Foot complications are major causes of hospital admissions for diabetes, and they often demand surgical procedures and prolonged length of stay. Indeed, diabetic foot complications are major global public health problems in that these foot lesions and amputations represent the most important of all long-term problems associated with the disease of diabetes and have medical, social, and economic implications. Three great pathologies come together in the diabetic foot: neuropathy, ischemia, and infection. Their combined impact is so great that it causes more amputations than any other lower limb disease. As diabetic foot problems quickly reach the point of no return, it is vital to diagnose them early and provide rapid and intensive treatment. Furthermore, it is important to achieve early recognition of the at-risk foot so as to institute prompt preventive measures. The late sequelae of diabetic peripheral neuropathy are recognized to be foot ulceration and Charcot’s neuroarthropathy. It has been the fact that the risk of developing foot ulceration as a result of end-stage complications of neuropathy and vascular disease in diabetes is much greater than the other end-stage sequelae of diabetes, namely, retinopathy and nephropathy. The prevalence of foot ulceration in the general diabetic population is 4–10%, being lower in young and the highest in older patients. The lifetime risk for foot ulcers in diabetic patients is about 15%. Rothman’s model of causation defines a combination of neuropathy, trauma, and foot deformity to be the commonest pathways to foot ulceration and faulty healing may eventually lead to amputation. Foot ulceration and amputation affect the quality of life for patients and create an economic burden for both the patient and the health care system. Therefore, efforts to identify the patient who is at risk for foot ulceration, prevention, and appropriate treatment must, of necessity, become a major priority for healthcare providers. Peripheral neuropathy and vascular disease alone do not cause foot ulceration.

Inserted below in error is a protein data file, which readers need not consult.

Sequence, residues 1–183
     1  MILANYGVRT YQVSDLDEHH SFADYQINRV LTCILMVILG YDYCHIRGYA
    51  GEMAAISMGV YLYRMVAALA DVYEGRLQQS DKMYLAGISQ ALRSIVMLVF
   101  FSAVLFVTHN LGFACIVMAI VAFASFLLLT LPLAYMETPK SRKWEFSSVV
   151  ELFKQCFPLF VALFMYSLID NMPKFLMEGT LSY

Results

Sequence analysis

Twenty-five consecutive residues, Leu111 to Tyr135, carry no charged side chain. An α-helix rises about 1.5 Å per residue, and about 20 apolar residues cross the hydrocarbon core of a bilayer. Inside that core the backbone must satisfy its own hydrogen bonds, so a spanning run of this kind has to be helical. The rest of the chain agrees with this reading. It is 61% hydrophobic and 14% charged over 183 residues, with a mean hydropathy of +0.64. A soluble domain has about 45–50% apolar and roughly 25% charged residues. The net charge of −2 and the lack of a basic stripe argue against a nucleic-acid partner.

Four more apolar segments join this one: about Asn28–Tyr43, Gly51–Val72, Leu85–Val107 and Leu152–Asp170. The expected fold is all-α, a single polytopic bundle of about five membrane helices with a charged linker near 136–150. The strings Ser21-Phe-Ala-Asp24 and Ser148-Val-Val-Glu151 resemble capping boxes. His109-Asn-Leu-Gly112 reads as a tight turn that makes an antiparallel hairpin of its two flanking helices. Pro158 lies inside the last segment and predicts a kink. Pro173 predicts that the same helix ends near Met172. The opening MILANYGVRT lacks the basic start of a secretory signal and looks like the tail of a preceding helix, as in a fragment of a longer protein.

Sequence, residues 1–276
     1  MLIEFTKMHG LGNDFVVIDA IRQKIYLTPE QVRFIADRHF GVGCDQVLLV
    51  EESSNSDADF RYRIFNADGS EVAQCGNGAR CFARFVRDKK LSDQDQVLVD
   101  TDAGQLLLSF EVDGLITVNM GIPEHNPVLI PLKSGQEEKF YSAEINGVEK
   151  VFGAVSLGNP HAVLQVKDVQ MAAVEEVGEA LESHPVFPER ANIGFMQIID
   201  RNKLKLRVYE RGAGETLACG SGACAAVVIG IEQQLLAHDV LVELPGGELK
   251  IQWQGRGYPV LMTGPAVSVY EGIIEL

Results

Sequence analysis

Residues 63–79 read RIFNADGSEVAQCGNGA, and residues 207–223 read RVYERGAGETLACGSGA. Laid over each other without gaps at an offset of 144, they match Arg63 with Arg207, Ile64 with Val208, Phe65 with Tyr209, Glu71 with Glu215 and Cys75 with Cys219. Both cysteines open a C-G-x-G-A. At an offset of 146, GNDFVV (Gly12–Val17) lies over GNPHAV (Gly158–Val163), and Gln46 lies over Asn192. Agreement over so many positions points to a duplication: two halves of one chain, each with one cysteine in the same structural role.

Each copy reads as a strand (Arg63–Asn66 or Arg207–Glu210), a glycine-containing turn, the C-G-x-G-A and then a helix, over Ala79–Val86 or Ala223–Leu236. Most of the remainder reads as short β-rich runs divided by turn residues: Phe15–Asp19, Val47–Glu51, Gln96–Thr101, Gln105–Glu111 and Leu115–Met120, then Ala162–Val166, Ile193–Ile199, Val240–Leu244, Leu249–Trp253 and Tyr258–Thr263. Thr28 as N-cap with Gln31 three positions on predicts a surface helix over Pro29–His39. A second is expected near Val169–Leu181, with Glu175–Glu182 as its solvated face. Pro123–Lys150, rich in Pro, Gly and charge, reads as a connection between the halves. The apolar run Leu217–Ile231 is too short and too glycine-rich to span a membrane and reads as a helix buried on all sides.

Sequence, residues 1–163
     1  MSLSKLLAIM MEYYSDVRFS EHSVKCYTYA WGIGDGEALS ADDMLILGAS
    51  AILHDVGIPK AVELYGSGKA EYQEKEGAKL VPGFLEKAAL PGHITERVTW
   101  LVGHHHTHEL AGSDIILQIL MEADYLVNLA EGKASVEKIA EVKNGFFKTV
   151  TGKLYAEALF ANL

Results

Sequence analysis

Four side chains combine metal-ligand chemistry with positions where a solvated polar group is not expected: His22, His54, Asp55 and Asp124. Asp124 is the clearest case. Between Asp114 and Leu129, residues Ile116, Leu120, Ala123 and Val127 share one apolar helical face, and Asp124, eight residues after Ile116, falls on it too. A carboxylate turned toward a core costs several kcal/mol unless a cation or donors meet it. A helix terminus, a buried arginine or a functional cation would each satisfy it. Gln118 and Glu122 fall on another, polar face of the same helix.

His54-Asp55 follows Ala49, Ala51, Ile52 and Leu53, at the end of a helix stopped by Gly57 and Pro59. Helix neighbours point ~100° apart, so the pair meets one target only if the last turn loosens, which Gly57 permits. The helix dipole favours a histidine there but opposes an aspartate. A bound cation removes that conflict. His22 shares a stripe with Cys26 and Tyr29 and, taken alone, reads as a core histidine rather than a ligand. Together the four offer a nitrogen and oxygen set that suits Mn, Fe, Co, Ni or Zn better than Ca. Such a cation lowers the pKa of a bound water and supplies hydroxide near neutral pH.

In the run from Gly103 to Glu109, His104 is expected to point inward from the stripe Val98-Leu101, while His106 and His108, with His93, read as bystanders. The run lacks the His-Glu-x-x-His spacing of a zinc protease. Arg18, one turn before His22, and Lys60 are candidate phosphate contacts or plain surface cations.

The Controversial Use of Apligraf in the Treatment of Diabetic Foot Ulcers